The 11th edition of Pictoplasma, the world’s leading festival of contemporary character culture, took place from April 29 to May 3 in Berlin, Germany. Quite different from animation festivals like Annecy and Ottawa, Pictoplasma celebrates not only animation but also illustration, graphic design, product design—pretty much every medium that relies on the essential appeal of “The Character.” It makes for a refreshing festival experience for people coming from the so-called traditional animation scene, like myself.
The bulk of the conference is composed of artist talks—a staggering 18 in total this year, over the course of three days, delivered by speakers from backgrounds as diverse as their topics: where established animation director Yves Geleyn gave us a look behind the scenes of his high-end commercials, self-taught animator Wong Ping shared his personal journey studying an Animation for Dummies-style book while working 13-hour days in a Chinese factory.
Despite the diversity of speakers’ experiences, there were many common threads in their presentations: how to find inspiration, for example. Lucas Zanotto, the mind behind the popular app Drawnimal, told us he often spends time in a wooden house in the Finnish wilderness. “After two or three days I get bored. That’s when my mind starts going places and when I find myself most creative.” Comic artist Nadine Redlich does the exact opposite—instead of seeking quietness, she takes inspiration from browsing the hectic Internet. “I want to do what I like best, which is sitting behind my computer all day in my pyjamas,” she said.
A universal topic for the creatives was finding the balance between commissioned works and passion projects. “It’s really hard to say ‘no’ to certain clients. But it’s necessary if you want to live off of the work you want to do,” said design duo Brosmind. Tado, a design duo that created the animation for Hello Kitty’s 40th birthday celebrations, advised the audience to “blend commercial and personal work as much as possible in order to make what you want to make.” They added, “When we’re doing a commercial and there’s a character we created that we like very much, we save it for ourselves, to use in our personal projects.”
If there was one thing that united all 18 talks, it is the love the speakers have for their characters, and the fun they have drawing them. Take Akinori Oishi, a self-declared “drawaholic,” who draws huge patterns with his signature “Aki smile” characters every day. “I studied contemporary art. But it was too complicated for me. I just want to share my happiness by drawing smiling characters.”
For Adventure Time designer Andy Ristaino, drawing is like meditation. “During my bus rides to work, I draw to warm up for work—where I draw. I just draw and draw and draw, until I find new characters and shape languages.” Animation director Fons Schiedon is similarly all too familiar with the endless hours that go into making animation: “As an animator, I experience the seasons only by how much I have to use my sunscreens to avoid getting sunlight on my computer screen.”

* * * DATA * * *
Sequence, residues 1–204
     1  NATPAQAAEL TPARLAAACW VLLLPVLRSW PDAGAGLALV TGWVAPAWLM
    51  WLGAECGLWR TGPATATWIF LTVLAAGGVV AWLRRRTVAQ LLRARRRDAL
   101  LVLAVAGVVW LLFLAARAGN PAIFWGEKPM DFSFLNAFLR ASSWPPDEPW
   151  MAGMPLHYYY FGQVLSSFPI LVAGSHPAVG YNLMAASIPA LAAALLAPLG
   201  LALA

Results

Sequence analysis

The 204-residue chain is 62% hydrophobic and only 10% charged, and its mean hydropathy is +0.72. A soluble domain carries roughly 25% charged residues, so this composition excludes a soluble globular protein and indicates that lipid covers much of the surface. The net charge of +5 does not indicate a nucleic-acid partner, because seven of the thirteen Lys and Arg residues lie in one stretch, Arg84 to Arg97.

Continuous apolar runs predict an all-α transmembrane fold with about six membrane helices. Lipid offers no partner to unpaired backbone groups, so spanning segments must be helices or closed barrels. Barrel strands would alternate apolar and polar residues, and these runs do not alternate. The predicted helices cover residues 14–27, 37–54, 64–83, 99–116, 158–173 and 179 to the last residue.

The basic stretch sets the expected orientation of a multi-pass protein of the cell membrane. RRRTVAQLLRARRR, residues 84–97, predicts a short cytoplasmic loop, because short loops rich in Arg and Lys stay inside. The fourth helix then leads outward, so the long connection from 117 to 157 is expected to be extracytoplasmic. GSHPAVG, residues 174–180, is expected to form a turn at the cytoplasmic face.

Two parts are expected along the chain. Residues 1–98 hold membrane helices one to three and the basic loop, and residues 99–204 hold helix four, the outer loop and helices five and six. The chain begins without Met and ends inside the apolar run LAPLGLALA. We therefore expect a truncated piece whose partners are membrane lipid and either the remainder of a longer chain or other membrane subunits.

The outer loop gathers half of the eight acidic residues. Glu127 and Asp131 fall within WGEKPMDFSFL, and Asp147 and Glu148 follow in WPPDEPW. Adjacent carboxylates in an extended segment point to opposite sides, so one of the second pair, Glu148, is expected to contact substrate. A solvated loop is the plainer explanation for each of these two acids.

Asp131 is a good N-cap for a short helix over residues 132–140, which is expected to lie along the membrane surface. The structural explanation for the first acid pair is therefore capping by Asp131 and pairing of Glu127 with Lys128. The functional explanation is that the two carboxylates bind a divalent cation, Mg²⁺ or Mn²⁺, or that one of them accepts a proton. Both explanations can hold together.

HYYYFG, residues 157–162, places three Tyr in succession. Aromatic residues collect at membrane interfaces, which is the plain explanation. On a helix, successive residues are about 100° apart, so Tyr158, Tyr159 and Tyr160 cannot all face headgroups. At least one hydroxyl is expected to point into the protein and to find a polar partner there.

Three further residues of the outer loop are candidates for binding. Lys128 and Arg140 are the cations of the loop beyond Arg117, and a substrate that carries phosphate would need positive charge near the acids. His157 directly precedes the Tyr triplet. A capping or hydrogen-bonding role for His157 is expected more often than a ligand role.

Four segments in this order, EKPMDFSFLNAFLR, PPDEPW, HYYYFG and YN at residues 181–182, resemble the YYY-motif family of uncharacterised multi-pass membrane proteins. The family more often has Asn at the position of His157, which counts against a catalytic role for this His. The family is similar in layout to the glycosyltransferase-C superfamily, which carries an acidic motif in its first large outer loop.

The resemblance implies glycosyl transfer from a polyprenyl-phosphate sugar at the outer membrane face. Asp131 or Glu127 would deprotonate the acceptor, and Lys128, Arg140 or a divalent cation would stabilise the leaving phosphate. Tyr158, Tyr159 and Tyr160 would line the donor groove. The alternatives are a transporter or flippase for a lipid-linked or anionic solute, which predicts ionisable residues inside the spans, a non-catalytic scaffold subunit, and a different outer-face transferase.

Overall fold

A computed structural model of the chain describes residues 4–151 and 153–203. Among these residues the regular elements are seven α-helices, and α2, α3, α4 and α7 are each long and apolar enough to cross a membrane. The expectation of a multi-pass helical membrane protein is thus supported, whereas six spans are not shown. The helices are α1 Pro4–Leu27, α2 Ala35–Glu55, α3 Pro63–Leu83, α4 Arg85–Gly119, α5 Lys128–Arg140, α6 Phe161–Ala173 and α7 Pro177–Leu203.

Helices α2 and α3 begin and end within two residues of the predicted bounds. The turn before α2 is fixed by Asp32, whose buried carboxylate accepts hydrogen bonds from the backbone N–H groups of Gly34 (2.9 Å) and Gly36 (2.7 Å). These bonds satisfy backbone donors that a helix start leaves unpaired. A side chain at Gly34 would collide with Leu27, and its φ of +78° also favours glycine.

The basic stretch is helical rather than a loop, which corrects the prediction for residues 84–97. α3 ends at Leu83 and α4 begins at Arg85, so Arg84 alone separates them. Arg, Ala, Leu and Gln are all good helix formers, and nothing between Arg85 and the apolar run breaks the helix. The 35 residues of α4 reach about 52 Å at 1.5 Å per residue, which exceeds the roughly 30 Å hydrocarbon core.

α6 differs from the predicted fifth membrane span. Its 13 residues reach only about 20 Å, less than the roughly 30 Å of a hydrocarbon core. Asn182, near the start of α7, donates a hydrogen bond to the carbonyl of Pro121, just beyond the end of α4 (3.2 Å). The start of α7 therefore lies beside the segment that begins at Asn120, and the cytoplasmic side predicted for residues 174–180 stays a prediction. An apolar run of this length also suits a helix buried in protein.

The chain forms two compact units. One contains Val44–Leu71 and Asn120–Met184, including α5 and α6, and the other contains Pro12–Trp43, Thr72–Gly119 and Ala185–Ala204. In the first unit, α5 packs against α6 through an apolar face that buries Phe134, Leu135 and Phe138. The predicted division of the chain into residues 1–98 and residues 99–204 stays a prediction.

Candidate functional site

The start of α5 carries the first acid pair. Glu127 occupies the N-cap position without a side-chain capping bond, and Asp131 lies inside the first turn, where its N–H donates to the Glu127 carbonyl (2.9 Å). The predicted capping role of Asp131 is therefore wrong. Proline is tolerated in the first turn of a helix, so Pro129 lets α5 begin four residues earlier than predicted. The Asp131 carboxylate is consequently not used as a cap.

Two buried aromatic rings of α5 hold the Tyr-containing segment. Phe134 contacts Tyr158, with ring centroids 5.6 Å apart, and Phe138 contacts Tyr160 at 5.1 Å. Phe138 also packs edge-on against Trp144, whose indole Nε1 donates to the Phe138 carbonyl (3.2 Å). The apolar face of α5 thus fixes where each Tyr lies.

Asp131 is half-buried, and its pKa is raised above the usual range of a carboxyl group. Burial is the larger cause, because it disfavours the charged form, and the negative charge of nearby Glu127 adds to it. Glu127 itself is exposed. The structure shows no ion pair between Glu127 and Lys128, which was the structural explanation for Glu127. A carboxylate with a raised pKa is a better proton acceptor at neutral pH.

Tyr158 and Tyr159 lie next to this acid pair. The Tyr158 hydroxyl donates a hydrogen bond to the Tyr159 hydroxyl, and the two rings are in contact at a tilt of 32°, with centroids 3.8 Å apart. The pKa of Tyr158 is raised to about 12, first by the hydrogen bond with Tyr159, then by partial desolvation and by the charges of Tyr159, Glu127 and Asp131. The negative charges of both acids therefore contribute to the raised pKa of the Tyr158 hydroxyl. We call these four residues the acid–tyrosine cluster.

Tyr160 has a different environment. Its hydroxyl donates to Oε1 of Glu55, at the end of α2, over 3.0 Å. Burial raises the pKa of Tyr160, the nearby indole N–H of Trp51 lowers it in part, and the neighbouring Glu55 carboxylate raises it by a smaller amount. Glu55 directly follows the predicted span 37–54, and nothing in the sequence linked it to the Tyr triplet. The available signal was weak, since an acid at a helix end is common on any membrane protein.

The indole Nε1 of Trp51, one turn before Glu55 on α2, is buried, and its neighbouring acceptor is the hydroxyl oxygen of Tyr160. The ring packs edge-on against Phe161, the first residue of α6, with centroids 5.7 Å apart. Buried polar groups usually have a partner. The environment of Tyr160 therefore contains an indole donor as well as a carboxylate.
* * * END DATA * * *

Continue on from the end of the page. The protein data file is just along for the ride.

Complementing the artist talks were four animation screenings. Again, “character” was the central focus of all work—not so much about cohesive storytelling as eye-candy and atmosphere. In fact, when I sat down with Pictoplasma’s co-director Peter Thaler to talk about his curation, he told me he actually hates animation—narrative animation, that is. “It leaves no room for the viewer’s imagination,” Thaler says. “I’ve been an animator myself. Long ago, I studied at the Filmakademie in Ludwigsburg and even worked for Don Bluth for a little while. But I’ve found traditional narrative animated films to be boring. They’re telling the same stories over and over. Rather, I’m interested in animation that lets the story unfold in the viewer’s mind.”
While some of the showcased works did seem completely devoid of meaning, many of the works were just “empty” enough to allow the viewer to interpret, and thus actively participate, in the experience as it unfolded: exactly the sort of dynamic that makes Pictoplasma so interesting.
Pictoplasma’s visitors—a mix of illustrators, graphic designers, comic artists, and animators—don’t expect to see the best or most in-depth concepts and stories. What the visitors do expect is to be surprised by great design, to get inspired by personal stories, and to bond with other visitors by collectively drooling over cute and colorful characters. They come together to celebrate, but certainly don’t shy away from being critical, as evidenced in the Pictoplasma 2015 comic diary of Dutch comic artist and long-time Pictoplasma visitor Maaike Hartjes. Opinions on the talks and the animated shorts varied greatly, which I think is a good thing—the conference was a pick-and-mix with something for everyone.
Side-activities of the festival included a brilliant PowerPoint performance on the science of “picto-psychology,” the newly introduced Pictoplasma Forum allowing artists to pitch their ideas to studio execs, a group exhibit by the 2014 participants of the Pictoplasma Academy course, a curated exhibit in a gorgeous former cemetery, and some great parties with fellow creative people.
It has been an inspiring and refreshing experience visiting the Pictoplasma Conference. While the animation selection was too much gratuitous eye-candy and too little narrative for me personally, it has been interesting to learn from artists who are unbound by the traditional rules of animation.
That said, I found much common ground as well—artists’ love for characters and the struggles they encounter is universal, no matter which medium is involved.
If you’re in need of some motivation to finally work on those personal projects you’ve been neglecting for years now, Pictoplasma in Berlin is the place to be. In the meantime you can revisit last year’s artist talks, all of which can be found online.